More than cinema at the 29th African, Asian and Latin American Film Festival (23-31 March 2019)! As usual, this year’s programme includes various events and initiatives inspired by the 3 continents, outside the movie theaters
For more than 10 years the Festival has been paying attention to the artists coming from Africa, Asia and Latin America, not only in the film industry, but also promoting the other arts, such as photography, with exhibitions at the Festival Center.
Maggic Cube by Adji Dieye
The daughter of an Italian mother and a Senegalese father, Adji grew up assimilating both cultures from early childhood; this allows her to have a view of them which at one and the same time is involved but also characterized by the objectivity of the external observer.
The images of this project, with elaborate backdrops, studied poses, the subjects photographed in elegant clothes, represent a tribute to the photographic tradition of artists such as Seydou Keïta, Mama Casset, Malick Sidibé and Sory Sanlé. We soon discover that what seem studio portraits of elegant black women have a completely different meaning. The association of the two bright colours, red and yellow, repeated obsessively in alternating combinations which hardly allow other colours to be glimpsed, transmits after a few seconds a sensation of oppression and alienation. The subjects, in their fixed and standardized poses of the portrait, appear rigid, without a real autonomy of movement or choice.
What Adji really shows us with her images is the portrait of a socio-economic phenomenon: the spread of Western food products exported to the African market. Thanks to commercial campaigns and extremely convincing and persuasive communication, numerous industrial products have found their main commercial outlet in this region. Adji fixes her analysis on one of these: the stock cube. With the creation of the fictional brand “Maggic Cube”, she simulates a real commercial campaign, taking as her own the techniques of communication and sale used every day in the markets, the streets and on the billboards of Dakar or any other town or village in the region.
She leads us to become aware of a phenomenon which has altered the local food traditions to the point of transforming a Western industrial product into one of the fundamental ingredients of Senegalese cooking and in the whole of Western Africa.
At the centre of her portraits are women, as they are the main addressees of the advertising communication of these products: the guardians of culinary tradition, and above all, those who choose which ingredients to buy and to use in the preparation of meals.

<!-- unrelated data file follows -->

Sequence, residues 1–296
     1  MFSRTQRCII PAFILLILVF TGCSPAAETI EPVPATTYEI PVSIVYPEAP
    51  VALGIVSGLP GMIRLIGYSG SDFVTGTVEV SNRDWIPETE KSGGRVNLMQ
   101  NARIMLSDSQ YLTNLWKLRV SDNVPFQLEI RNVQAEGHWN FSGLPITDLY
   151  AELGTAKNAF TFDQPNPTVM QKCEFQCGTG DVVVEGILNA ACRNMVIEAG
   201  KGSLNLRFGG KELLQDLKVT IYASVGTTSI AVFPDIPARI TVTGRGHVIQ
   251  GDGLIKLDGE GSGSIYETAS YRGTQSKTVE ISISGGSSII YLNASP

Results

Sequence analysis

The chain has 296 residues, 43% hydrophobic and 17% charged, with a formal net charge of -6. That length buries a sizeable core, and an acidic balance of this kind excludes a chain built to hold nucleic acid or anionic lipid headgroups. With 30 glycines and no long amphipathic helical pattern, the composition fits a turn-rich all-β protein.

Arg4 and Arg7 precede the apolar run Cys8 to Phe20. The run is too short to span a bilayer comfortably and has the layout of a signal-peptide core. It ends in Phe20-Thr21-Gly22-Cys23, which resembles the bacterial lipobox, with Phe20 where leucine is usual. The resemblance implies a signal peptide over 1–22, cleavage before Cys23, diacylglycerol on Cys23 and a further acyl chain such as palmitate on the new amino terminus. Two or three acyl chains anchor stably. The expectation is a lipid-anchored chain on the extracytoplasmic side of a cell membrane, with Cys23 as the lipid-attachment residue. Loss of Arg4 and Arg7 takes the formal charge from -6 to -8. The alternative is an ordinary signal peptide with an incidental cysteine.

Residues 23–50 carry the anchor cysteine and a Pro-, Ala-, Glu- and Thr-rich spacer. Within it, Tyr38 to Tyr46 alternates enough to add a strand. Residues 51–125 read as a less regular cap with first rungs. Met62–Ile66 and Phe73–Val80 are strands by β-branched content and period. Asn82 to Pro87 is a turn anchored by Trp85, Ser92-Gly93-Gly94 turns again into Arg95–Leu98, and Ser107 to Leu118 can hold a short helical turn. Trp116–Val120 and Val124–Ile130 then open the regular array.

As Adji shows us in a powerful and immediate form in one of the photos on display, which portrays a white woman dressed in such a way as to be confused behind the features of an African woman, this project is the visual representation of a pervasive phenomenon of colonization of the African food market by Western industrial production, which is passed off as essential ingredients of the local culinary tradition.
The exhibition is curated by Maria Pia Bernardoni of African Artists Foundation and curator of Lagos Photo Festival.
Maggic Cube is opening at the inauguration of the Festival Center (West Tollhouse of Porta Venezia) on Saturday 23rd March, at 17.30, with the artist Adji Dieye and the curator Maria Pia Bernardoni.
#IAmAnas, story of an
Anas Aremeyaw Anas is an award-winning investigative journalist born at the end of the 1970s in the north of Ghana. He graduated first in journalism and then in law and started at The New Crusading Guide of which he became Editor-in-Chief. He is a contributor to the BBCand Al Jazeera and has founded the production company Tiger Eye PI.
His motto is “name, shame and jail”, he is specialized in investigations on corruption and the violation of human rights which he leads in the field himself, with his assistants.
More than one hundred people have been arrested or suspended from their posts thanks to his investigations.
The video installation is a tribute to the brilliant world of Anas through video investigations, photos, interviews and animation.
His life could seem the plot of a film, but it is pure reality.
Anas is not a mere journalist, He is much more than that. Anas is a sheikh, a priest, a peddler, an old lady, a businessman, a cabin boy on a fishing boat, a policeman and a rock in the forest.
These are only some of his disguises through which he carries out his investigations. Nobody knows what he looks like and his identity. Anas is a chameleon and a pop icon. The mask of beads he wears when he makes public appearances has become a symbol of the fight against corruption.
A source of inspiration for the new generations of young Africans, Anas was also publicly thanked by Barack Obama for his fight and his commitment, on his last visit to Ghana as President.
Curated by Simone Sapia and Leonardo Paone.
A Friend, an environmental installation
This year, even the most distracted passers-by will notice the Festival Center. Our now long-standing venue of the West Toll House of Porta Venezia is part of the work in progress of the environmental installation, A Friend by the Ghanaian artist Ibrahim Mahama, who during the festival will create a work that involves both Toll Houses.
Mahama’s installation aims to trigger off a reflection on the very concept of the threshold, that place of passage which defines the inside and the outside, the self and the other, the friend and the enemy. Commissioned by the Fondazione Nicola Trussardi and produced in collaboration with miart, the installation A Friend will be completed and inaugurated on 2nd April, on the occasion of the Milanese Art Week.